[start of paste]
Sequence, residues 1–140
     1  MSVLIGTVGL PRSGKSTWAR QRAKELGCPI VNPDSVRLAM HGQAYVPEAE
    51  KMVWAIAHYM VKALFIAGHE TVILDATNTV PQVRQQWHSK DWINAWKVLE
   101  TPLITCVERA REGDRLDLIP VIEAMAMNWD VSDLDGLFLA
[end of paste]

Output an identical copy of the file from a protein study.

Sequence, residues 1–140
     1  MSVLIGTVGL PRSGKSTWAR QRAKELGCPI VNPDSVRLAM HGQAYVPEAE
    51  KMVWAIAHYM VKALFIAGHE TVILDATNTV PQVRQQWHSK DWINAWKVLE
   101  TPLITCVERA REGDRLDLIP VIEAMAMNWD VSDLDGLFLA